Tian Tan Buddha, also known as the Big Buddha, is a large bronze statue of a Buddha Amoghasiddhi, completed in 1993, and located at Ngong Ping, Lantau Island, in Hong Kong. The statue is located near Po Lin Monastery and symbolises the harmonious relationship between man and nature, people and religion. It is a major centre of Buddhism in Hong Kong, and is also a popular tourist attraction.
Lantau Peak or Fung Wong Shan (Chinese: 鳳凰山, literally Chinese Firebird Mountain) is the second highest peak in Hong Kong and the highest point on Lantau Island, with a height of 934 m above sea level. It is most famous for the sunrise scenery viewed from the summit.
The Hanging Temple or Hanging Monastery is a temple built into a cliff (75 m above the ground) near Mount Heng in Hunyuan County, Shanxi province, China. The closest city is Datong, 64.23 km to the northwest. Along with the Yungang Grottoes, the Hanging Temple is one of the main tourist attractions and historical sites in the Datong area.
The Leshan Giant Buddha was built during the Tang Dynasty (618–907AD). It is carved out of a cliff face that lies at the confluence of the Minjiang, Dadu and Qingyi rivers in the southern part of Sichuan province in China, near the city of Leshan. The stone sculpture faces Mount Emei, with the rivers flowing below his feet. It is the largest stone Buddha in the world and it is by far the tallest pre-modern statue in the world.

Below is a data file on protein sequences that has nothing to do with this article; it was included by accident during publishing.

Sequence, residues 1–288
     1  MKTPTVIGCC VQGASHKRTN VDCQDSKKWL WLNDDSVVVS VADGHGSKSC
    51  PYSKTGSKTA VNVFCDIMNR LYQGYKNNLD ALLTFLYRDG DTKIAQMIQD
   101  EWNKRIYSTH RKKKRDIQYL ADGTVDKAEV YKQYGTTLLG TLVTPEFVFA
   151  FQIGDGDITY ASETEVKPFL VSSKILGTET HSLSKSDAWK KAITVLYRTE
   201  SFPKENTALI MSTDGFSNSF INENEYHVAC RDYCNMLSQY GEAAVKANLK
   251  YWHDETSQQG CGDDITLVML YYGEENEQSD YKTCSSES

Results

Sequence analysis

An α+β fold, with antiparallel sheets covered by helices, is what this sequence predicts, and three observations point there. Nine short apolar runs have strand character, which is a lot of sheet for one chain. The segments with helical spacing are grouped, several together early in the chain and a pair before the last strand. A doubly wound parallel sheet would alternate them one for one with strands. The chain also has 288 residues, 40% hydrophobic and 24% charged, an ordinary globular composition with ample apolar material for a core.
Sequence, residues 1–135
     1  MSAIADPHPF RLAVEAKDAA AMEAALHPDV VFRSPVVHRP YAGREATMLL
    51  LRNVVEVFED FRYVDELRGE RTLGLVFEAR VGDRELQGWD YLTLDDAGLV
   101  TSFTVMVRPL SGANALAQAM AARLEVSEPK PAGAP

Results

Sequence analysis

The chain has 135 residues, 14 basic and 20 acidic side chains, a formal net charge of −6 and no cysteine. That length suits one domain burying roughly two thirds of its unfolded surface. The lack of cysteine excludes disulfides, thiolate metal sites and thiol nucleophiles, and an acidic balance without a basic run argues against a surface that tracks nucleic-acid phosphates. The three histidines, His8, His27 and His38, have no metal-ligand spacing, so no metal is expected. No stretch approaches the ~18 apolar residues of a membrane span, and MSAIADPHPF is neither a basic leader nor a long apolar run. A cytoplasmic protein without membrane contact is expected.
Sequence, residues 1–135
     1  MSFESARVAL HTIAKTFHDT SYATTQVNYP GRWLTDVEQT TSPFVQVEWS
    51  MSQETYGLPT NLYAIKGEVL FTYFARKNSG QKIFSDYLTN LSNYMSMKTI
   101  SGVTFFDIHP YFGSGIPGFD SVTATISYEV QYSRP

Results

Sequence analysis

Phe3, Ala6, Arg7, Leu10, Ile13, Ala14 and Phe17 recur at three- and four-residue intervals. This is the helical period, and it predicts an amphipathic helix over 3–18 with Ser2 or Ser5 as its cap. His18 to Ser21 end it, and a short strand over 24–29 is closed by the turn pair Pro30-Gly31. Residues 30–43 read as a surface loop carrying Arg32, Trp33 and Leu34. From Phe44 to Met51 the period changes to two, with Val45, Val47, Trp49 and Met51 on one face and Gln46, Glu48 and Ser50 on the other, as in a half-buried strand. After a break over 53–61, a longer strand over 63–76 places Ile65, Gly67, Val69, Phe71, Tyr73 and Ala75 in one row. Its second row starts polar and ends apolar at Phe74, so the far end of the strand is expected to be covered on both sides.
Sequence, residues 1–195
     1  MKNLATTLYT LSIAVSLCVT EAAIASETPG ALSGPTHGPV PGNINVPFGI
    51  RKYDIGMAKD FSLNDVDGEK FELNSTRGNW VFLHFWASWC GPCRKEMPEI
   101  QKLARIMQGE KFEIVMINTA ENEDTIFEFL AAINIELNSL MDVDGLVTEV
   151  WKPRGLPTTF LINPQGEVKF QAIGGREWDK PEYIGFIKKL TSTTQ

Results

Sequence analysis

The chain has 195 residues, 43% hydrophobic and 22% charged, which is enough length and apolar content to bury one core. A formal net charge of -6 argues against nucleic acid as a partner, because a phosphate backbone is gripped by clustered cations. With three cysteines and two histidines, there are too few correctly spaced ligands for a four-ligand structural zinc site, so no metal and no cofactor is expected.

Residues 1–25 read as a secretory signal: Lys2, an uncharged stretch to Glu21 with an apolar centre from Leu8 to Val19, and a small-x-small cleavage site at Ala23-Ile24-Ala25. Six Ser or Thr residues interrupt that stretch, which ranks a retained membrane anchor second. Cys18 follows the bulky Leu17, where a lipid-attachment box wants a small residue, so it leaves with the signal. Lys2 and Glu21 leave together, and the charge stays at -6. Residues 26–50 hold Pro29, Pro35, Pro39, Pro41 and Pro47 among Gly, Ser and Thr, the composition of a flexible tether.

Ganden Monastery (also Gaden or Gandain) or Ganden Namgyeling is one of the great three Gelukpa university monasteries of Tibet, located at the top of Wangbur Mountain, Tagtse County, 36 km ENE from the Potala Palace in Lhasa, at an altitude of 4300 m. The other two great monasteries are Sera Monastery and Drepung Monastery. Its full name is Ganden Namgyal Ling.
The Great Wall of China is a series of fortifications made of stone, brick, tamped earth, wood, and other materials, generally built along an east-to-west line across the historical northern borders of China in part to protect the Chinese Empire or its prototypical states against intrusions by various nomadic groups or military incursions by various warlike peoples or forces.
The Terracotta Army or the Terra Cotta Warriors and Horses, is a collection of terracotta sculptures depicting the armies of Qin Shi Huang, the first Emperor of China. It is a form of funerary art buried with the emperor in 210–209 BC and whose purpose was to protect the emperor in his afterlife.
Mount Everest is the highest mountain of the Earth, with a peak at 8848 meters above sea level and the 5th tallest mountain measured from the centre of the Earth. It is located in the Mahalangur section of the Himalayas. The international border between China and Nepal runs across the precise summit point. Its massif includes neighboring peaks Lhotse, 8516 m; Nuptse, 7855 m and Changtse, 7580 m.
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Inside The Cave of the Hands most of the hands are left hands, which suggests that the painters held the spraying pipe with their right hand.
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